At the Movies
Tibor R. Machan
Ordinarily I am not a paranoid person, so this hypothesis of mine is not
the usual type. But recently I have noticed that when I see serious
American movies, mostly the ideological take in them tends to be
anti-capitalist, anti-free market, against free trade, anti-business,
anti-corporate?in short against most things associated with the United
States of America. Granted, there are policies by the US Government that
I, too, find very upsetting but these aren?t what these movies tend to go
after?like increasing meddling in people?s personal lives, Court decisions
that favor the government over the private sector, preoccupation with
political correctness and so forth. No, the targets of these movies tend
to be ordinary American values.
It is difficult to list all the movies that incorporate some of these
themes in a rather underhanded, subterranean fashion?little asides by the
heroes, championing of people who show their ?virtues? by embodying these
attitudes, etc. There are the more blatant ones, though, such as Wall
Street Glen Gary, Glen Ross, Erin Brockovich, and some of Steven Segal?s
propaganda movies about how American business is so nasty to that sacred
cow of Hollywood, the environment.
It isn?t only the movies?television drama and even sitcoms serve as
vehicles for these sentiments (Law and Order this and Law and Order that,
Boston Legal, and similar shows all do it, sometimes in pretty
entertaining ways). Despite some pretty good writing on these, it has come
to be something of a pain to watch such fare for anyone with a serious
regard for the ideals with which America is associated, such as
individualism, freedom, commerce, profit making, the bottom line,
industrial development, wealth creation, and the rest. The good guys are
usually people who find all this abhorrent and only love a pristine pure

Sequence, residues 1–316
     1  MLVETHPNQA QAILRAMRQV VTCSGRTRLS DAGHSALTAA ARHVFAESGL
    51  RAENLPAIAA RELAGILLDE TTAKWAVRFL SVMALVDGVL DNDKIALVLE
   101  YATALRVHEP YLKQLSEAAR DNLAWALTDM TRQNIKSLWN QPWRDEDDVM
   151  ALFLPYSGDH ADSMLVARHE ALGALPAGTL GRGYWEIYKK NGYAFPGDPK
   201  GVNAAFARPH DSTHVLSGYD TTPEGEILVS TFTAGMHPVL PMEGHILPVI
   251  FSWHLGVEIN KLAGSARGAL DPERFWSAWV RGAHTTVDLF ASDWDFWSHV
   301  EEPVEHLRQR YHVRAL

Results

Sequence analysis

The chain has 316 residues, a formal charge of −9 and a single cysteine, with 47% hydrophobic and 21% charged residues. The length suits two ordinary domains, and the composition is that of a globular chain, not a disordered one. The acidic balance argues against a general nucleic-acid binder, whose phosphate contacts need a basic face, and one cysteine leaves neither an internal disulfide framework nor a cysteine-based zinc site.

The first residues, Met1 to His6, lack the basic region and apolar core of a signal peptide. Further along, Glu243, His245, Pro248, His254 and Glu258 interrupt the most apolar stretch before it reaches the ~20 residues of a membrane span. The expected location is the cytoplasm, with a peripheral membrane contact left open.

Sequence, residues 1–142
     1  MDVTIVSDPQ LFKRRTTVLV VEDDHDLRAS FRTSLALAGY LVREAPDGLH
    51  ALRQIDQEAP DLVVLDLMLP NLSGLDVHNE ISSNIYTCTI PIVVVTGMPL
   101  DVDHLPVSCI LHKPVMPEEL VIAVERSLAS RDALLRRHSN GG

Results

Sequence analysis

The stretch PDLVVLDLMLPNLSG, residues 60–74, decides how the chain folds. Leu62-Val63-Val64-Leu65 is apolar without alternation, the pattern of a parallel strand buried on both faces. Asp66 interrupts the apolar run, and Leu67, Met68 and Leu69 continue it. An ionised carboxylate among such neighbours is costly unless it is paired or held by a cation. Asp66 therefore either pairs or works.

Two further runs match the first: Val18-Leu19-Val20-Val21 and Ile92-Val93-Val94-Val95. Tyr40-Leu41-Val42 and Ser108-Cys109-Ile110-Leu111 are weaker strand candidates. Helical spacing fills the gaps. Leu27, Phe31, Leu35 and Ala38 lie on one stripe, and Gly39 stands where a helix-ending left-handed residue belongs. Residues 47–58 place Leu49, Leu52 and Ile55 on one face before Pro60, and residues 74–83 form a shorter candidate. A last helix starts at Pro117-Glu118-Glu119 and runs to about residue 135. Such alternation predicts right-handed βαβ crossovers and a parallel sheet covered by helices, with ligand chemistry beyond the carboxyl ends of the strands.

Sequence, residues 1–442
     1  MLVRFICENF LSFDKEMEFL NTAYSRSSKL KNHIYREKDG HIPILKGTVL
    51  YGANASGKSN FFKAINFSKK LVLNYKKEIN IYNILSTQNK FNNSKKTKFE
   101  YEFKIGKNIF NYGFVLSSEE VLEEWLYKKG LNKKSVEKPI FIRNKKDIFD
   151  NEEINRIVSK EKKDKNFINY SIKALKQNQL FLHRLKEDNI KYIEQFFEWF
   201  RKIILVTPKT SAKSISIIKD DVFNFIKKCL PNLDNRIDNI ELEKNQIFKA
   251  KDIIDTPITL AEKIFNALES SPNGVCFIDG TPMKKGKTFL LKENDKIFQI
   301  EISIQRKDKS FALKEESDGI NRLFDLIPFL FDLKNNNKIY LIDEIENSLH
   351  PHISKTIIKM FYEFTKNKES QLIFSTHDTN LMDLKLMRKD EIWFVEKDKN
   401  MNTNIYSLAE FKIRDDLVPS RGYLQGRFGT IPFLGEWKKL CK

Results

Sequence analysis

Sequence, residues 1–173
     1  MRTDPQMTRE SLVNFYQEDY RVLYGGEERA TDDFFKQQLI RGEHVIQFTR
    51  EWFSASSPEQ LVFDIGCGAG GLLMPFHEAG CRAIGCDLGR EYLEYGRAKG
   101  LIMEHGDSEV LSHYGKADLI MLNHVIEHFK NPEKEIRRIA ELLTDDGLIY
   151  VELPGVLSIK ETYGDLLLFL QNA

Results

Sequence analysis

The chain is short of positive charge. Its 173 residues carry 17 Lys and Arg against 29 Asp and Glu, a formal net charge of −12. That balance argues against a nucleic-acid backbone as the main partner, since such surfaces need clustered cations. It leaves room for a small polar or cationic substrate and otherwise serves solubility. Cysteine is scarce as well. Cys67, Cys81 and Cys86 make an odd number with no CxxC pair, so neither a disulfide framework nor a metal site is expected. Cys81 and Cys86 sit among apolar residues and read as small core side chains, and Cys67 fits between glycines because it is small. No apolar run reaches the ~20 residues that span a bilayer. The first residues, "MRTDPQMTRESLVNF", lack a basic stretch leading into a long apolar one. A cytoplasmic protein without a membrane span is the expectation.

environment and peddle rank altruism?not benevolence but self-sacrifice.
Such protagonists consider all developers mean and nasty people, while the
villains are, of course, developers and makers of SUVs and anyone who
would have a good word to say about them. (The movie and TV fare is rife
with such alleged thought crimes, by the way.) I think you probably
recognize what I am saying here but may be so used to it that you don?t
take notice any longer. (My son keeps telling me to just relax and enjoy
the show and ignore the ideology but I am not willing to heed his advice.)
Interestingly, though, as in the old Soviet Union, where serious movies
all had to hail socialism, communism, or at least accept them as the norm,
in America now it is science fiction movies and cartoons that manage to
sneak in various American ideals and ideas. Take, for example, this recent
Batman Begins flick that has no patience with modern liberals excuses for
violent criminals, or last year?s big hit, The Incredibles, about a group
of retired comic heroes, in which incompetence was dissed while
exceptional talent praised. Both imply considerable disdain for the
intellectual community?s favorite ideology, egalitarianism.
These animated and sci-fi flicks aren?t my own favorite types, so I only
catch them now and then, when someone I trust recommends them out to me.
Despite their much more appealing values, I am not all that drawn to this
type of fare?I have never quite managed to suspend disbelief, so science
fiction stuff just doesn?t work so well for me (but I am not a
one-size-fits-all kind of guy about such matters). The few of these movies
I have attended do remind me of what used to be said about those old
Soviet movies, namely, they seem to allow the themes of individualism,
freedom, capitalism, meritocracy, pride, good versus evil and the like to
emerge rather forcefully in the fashion of a sort of aesthetic black
In Batman Begins, for example, we see the idea that crime should be
excused because of ?mental illness? pooh-poohed head on, depicted as
mostly an excuse for escaping personal responsibility and fostering the
therapeutic state. (Thomas Szasz would have been delighted with this part
of the movie, I am sure.) No show starring Susan Sarandon or Paul Newman
would allow such heresies?they would puncture too many of the modern
liberal dogmas to which these folks are attached and which are their
vehicles for peddling the interventionist government they so love.
But it seems that science fiction screen writers, as well as those
renegade South Park producers, manage to get away with championing values
that the serious folks will not embrace and feature in their offerings.
Although there is no out and out state censorship of these values in
America as there was in the old USSR, not yet at least, it is arguable
that a kind of cultural peer pressure is in force such that only movies
that seemingly offer nothing but technical razzmatazz get to say some true
and unusual things about human nature and life.
I haven?t done a scientific survey but think there is something to my
impression. I urge my readers to check it out for themselves.